The National Comorbidity Survey is a nationally representative household survey of 8,098 persons age 15 to 54 years in the noninstitutionalized civilian population of the 48 coterminous United States, along with a representative supplemental sample of students living in campus group housing. The National Comorbidity Survey was administered to 8,098 respondents between September 1990 and February 1992 in face-to-face, in-home interviews. The response rate was 82.4%. A part two subsample of 5,877 respondents, consisting of all those with any Composite International Diagnostic Interview diagnosis and a random subsample of others, was administered a series of questions about the risk factors and consequences of psychiatric disorders. The data on impairment reported here are from the part two subsample. These data have been weighted to adjust for differential probabilities of selection and nonresponse. More details on the National Comorbidity Survey design, field procedures, and sample weights were reported elsewhere (16, 18).

The Midlife Development in the United States Survey is a nationally representative survey of 3,032 persons age 25–74 years in the noninstitutionalized civilian population of the 48 coterminous United States. The Midlife Development in the United States Survey was carried out by the John D. and Catherine T. MacArthur Foundation Network on Successful Midlife Development between January 1995 and January 1996. All respondents completed a 30-minute telephone interview (70.0% response rate) and filled out two mailed questionnaires estimated to take a total of about 90 minutes to complete (86.8% conditional response rate in the subsample of telephone respondents). The overall response rate (0.700×0.868) was 60.8%. The data reported here were weighted to adjust for differential probabilities of selection and nonresponse. More details on the Midlife Development in the United States Survey design, field procedures, and sampling weights are available elsewhere (17).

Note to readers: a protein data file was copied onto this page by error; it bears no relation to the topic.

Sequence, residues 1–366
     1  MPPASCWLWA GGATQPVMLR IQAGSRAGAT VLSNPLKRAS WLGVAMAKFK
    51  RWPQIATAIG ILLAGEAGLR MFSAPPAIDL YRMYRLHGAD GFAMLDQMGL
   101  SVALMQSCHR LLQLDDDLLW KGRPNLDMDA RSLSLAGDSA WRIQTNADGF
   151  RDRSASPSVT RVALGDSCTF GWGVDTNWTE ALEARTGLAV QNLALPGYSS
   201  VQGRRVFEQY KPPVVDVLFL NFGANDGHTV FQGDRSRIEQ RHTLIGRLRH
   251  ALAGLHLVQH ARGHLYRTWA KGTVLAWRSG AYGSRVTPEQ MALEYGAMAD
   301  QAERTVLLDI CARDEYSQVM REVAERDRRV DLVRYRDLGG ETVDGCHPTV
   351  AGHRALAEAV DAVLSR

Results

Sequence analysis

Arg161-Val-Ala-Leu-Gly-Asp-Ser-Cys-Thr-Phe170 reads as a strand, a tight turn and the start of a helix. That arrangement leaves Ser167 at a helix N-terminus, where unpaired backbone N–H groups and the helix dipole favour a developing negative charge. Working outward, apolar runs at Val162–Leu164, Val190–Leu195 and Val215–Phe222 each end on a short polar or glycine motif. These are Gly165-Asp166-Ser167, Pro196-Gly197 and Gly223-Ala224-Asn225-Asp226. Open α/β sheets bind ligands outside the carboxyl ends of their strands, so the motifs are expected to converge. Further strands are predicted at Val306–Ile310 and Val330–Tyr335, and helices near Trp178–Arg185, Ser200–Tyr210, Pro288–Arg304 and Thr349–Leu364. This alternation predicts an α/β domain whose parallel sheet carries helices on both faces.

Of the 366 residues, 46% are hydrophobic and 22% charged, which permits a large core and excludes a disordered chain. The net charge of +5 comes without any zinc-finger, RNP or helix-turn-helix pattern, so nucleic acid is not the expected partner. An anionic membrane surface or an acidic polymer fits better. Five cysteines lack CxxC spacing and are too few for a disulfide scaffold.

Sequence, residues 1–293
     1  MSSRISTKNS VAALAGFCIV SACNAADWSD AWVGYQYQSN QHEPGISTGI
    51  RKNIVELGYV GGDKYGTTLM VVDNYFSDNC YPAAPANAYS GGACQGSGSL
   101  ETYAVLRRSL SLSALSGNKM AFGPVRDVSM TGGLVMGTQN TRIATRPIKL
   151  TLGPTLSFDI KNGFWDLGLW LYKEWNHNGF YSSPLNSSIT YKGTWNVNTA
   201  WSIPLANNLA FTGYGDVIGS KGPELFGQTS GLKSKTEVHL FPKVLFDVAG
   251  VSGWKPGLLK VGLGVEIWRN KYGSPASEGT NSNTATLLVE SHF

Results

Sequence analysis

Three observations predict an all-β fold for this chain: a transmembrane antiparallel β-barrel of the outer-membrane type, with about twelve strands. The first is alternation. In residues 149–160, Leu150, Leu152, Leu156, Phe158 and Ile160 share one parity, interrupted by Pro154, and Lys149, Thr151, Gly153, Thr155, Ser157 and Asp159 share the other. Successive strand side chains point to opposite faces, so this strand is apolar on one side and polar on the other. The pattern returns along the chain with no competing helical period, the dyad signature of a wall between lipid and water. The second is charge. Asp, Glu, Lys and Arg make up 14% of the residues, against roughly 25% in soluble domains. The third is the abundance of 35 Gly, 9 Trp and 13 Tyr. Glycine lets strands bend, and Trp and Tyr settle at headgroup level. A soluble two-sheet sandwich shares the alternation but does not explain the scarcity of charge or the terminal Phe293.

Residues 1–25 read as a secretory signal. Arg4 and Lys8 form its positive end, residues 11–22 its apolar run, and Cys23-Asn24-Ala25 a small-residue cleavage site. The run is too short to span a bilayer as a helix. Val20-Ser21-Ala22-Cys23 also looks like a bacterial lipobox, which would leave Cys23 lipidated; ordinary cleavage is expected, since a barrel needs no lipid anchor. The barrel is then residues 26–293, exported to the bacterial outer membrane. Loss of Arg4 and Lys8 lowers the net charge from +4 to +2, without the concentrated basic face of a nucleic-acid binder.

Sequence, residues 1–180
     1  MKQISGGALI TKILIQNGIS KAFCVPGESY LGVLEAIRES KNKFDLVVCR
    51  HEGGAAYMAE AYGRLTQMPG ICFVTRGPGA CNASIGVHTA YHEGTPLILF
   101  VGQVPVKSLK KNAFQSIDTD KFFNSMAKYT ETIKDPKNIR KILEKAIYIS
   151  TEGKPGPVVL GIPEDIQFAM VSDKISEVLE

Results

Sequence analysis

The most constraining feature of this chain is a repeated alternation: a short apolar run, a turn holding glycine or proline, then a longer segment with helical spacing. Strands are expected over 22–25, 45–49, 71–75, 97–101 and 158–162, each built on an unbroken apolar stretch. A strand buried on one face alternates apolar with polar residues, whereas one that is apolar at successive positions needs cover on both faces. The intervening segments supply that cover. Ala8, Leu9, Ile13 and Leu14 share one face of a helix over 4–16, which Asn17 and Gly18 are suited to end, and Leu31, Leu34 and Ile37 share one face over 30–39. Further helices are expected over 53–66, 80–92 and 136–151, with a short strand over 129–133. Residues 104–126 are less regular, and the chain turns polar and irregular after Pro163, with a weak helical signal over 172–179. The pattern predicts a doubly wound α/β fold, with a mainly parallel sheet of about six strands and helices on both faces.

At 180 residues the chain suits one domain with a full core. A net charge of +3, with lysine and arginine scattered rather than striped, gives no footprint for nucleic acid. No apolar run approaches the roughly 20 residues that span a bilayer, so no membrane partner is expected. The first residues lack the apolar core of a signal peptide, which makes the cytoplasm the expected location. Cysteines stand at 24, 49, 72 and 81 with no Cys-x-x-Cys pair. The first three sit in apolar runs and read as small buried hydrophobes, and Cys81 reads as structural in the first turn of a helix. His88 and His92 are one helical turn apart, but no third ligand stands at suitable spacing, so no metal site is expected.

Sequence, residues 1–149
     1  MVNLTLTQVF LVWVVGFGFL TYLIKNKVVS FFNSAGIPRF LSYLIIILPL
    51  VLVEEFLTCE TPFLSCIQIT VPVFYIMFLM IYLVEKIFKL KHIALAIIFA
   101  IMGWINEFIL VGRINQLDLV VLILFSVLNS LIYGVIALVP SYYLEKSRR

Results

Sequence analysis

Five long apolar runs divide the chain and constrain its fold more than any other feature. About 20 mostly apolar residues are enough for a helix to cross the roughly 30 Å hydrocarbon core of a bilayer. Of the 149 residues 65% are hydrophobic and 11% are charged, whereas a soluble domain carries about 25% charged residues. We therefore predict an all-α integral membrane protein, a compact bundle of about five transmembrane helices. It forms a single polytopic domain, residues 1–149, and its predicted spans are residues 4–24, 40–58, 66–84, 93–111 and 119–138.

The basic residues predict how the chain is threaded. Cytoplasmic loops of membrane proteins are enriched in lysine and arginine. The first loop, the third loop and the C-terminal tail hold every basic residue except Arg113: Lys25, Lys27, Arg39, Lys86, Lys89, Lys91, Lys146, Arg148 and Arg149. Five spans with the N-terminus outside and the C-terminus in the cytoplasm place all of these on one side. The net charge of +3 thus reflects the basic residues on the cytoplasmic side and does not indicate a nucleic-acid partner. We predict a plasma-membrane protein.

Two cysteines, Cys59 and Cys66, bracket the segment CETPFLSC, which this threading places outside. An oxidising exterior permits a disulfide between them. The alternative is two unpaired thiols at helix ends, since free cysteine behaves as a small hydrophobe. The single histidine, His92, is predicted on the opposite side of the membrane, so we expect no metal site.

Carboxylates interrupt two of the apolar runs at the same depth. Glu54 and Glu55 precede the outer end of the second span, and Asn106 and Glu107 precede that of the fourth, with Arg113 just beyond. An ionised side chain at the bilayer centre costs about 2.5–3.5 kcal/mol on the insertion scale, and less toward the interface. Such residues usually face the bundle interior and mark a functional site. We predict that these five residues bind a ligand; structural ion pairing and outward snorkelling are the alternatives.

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Diagnostic Assessment

National Comorbidity Survey diagnoses are based on a modified version of the Composite International Diagnostic Interview (19), a fully structured interview designed to be administered by interviewers who are not clinicians and to generate diagnoses according to the definitions and criteria of both DSM-III-R and ICD-10. The current report uses DSM-III-R criteria. Although the focus is on the prevalences of generalized anxiety disorder and major depression within the year prior to the interview (prevalences at 12 months), we also controlled for prevalences of the other disorders assessed in the National Comorbidity Survey at 12 months. These included other anxiety disorders (panic disorder, simple phobia, social phobia, agoraphobia, and posttraumatic stress disorder), mania, substance use disorders (alcohol and drug abuse and dependence), and nonaffective psychosis. Diagnoses were made without hierarchy rules. A National Comorbidity Survey clinical reappraisal study found good test-retest reliability and procedural validity of all of the diagnoses compared to clinical reassessments (20), with the exceptions of mania and nonaffective psychosis. On the basis of the finding that the Composite International Diagnostic Interview validly assesses only manic patients with a euphoric-grandiose symptom profile (21), our control for mania was limited to this subtype of manic patients. On the basis of the finding that the Composite International Diagnostic Interview substantially overdiagnoses nonaffective psychosis (22), our control for nonaffective psychosis was based on clinical reinterviews with all National Comorbidity Survey respondents who screened positive for nonaffective psychosis in the Composite International Diagnostic Interview.